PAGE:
So, I’m tired, too lazy to write a real post — especially since I haven’t even read the friggen news today — and yet still have too many thoughts floating around in my head. Therefore, I am going to share those scattered and probably pointless thoughts on the primary. Lucky you.
In no hugely particular order:
Voting is anti-climactic. This may be because I don’t have anyone to vote with. The only person I know in my district who I would be happy to vote with is my husband. Unfortunately, he doesn’t love America enough to be able to vote (eh, some citizenship thing) and is reduced to saying to me as I walk out the door “if you don’t vote for Obama, I’ll kick your ass,” while I tell him that I’ll vote for Mike Gravel just to spite him. (um, no, I didn’t)
The bastards didn’t even give me a sticker. I didn’t get one in 2006, either. Where is my fucking sticker? How can I feel righteous and superior to everyone else if I don’t have an ugly cheap sticky thing hanging off of my lapel?
I witnessed no vote stealing or disenfranchisement. In fact, things were pretty dead. The worst I came across was as I entered, an obviously Democratic voter was talking to a Republican volunteer and said “I feel like the odd one out,” and the volunteer joked “maybe its time to switch parties.” Which I thought was inappropriate. But it’s also a very small town, and I’m about 80% sure that the two knew each other. Which still makes it inappropriate but hardly something to call a voting hotline about.
But here is something that did bother me. When you went in, the voting booths were not split up between Republican and Democrat (if they were, the Dem side would probably get a dull pencil and a scrap of paper), nor were the check-in tables. In the very small room in the very small town, they asked you which party you were with and you had to give your answer out loud. This didn’t bother me because I couldn’t care less if someone knows which party I’m registered with. I don’t actually consider myself a Democrat (if that ever happens, the Dems have either become a different party or someone needs to shoot me). But I also sure as hell don’t want anyone thinking that I’m a Republican. I didn’t mind being the odd one out, and in fact felt quite proud and relieved that I have a brain in my head. But I still had to wonder about a person who did mind. Could that keep someone from voting? The thing is, everyone has the right to a secret ballot and accepts that what you do in the voting booth is their own business. In an actual election. Yeah, asking what party you’re with doesn’t say who you’re voting for, but it could serve as a kind of outing. Again, especially in a small town. What do you think? And how does your district do it? Are there better ways? Do you think that this is a legitimate concern?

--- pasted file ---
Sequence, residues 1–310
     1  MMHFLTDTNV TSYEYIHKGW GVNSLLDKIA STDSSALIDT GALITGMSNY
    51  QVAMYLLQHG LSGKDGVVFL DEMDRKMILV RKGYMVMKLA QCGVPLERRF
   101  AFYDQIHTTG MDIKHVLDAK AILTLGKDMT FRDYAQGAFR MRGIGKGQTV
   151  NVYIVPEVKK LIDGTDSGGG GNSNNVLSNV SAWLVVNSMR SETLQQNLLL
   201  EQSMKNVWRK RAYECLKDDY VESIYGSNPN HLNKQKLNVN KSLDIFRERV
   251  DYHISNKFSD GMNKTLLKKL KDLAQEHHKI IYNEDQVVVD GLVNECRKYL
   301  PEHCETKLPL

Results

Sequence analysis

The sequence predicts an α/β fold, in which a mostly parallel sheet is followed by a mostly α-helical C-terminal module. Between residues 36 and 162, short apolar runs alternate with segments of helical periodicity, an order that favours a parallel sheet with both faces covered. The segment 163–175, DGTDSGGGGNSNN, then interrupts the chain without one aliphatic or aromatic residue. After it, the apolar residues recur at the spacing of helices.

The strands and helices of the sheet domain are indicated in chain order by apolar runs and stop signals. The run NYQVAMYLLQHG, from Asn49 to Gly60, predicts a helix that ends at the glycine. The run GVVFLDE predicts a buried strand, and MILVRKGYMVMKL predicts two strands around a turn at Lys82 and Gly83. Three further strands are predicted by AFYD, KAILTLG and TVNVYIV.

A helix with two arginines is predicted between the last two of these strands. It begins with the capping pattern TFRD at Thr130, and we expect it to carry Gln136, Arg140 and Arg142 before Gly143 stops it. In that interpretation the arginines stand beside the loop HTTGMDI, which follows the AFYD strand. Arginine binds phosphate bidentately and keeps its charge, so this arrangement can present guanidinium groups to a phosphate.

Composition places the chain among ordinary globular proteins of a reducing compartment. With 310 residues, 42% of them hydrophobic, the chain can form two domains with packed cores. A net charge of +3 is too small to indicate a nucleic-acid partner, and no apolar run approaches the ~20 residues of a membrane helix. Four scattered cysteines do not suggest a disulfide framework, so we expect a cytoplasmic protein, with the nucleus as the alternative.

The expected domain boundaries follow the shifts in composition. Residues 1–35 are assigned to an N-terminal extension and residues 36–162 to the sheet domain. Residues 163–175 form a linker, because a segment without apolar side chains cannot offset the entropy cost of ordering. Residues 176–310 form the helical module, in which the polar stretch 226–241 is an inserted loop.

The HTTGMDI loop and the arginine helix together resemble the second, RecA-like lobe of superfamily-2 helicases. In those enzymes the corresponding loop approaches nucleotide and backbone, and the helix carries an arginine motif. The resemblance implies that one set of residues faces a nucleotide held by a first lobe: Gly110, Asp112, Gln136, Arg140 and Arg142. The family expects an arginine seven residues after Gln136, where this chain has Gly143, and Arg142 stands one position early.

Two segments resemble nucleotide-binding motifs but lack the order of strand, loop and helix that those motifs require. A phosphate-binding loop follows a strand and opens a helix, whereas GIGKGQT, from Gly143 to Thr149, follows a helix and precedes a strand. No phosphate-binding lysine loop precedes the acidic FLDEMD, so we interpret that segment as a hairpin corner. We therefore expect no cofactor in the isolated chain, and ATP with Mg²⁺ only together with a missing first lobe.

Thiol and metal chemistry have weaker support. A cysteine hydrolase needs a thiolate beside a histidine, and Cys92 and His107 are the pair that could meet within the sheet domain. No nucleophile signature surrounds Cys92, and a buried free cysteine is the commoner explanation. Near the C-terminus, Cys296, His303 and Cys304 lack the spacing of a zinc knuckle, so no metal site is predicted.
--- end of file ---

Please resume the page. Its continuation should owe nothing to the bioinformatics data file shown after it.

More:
A silly musing: how is the order of the candidates on the ballot decided? Because In NY, Clinton’s name is right at the top, and with the lever voting machines, pretty much at eye level. Obama’s name was down at my rib cage crowded by all of the other candidates who are no longer in the race but still on the ballot. It actually took me a good 10 to 15 seconds to find his name. That’s not long, but here’s the thing: do you think that gives Clinton an advantage? You know, like how they put Coke at eye level in the store so that you’re more likely to buy it; that works. Just saying.
A largely pointless quandary: my dad didn’t vote. I expected him to, and asked if he did, and he shook his head and said “is there supposed to be a candidate that I like?” Now, first thoughts label this good. I think I’ve mentioned on more than one occasion that I do not agree on . . . anything . . . with my dad when it comes to politics, and that he is a lifelong Republican. In 2004, he actually considered not voting for the first time. In the end, he apparently became frightened by Kerry’s East Coat Liberal ways (*scoffs*), but he was so unhappy with Bush that he considered sitting it out. Again, this says that progress is being made. Though I still disagree with him on everything, it seems that even he is starting to realize what a sad, pathetic, incompetent bunch the Republicans have become. And yet, I’m still left with the question: should I be happy that my dad no longer feels strongly Republican enough to vote in the primaries, or sad that the one and only other voter in my family is giving up on the political process? My mom isn’t coming around, and you couldn’t get my 20-year-old brother to act like he cares if you threatened to set his hair on fire. My dad and I may have been at each other’s throats over everything (we don’t talk politics anymore), but voting was the one thing that we both believed in.
But hey, maybe the anticipation weariness is making me stupidly nostalgic.
I stand by my previous assertion that I cannot wait until I never have to see or hear Ron Paul’s racist, misogynist, xenophobic, delusional name ever again. No more signs along the highway, or banners hanging from the overpass? No more angry letters to magazines or comments on blogs because someone dared to point out that the guy is severely fucked in the head? Ah. That will be the day. But I don’t really expect him to concede until the very last delegate is counted.
I can’t promise that this will be the last useless Super Tuesday post for the evening, nor can I promise that any others will be written 100% sober. Though I do promise that if I can no longer type coherently, I’ll spare you. Because that’s just the kind of thoughtful person I am.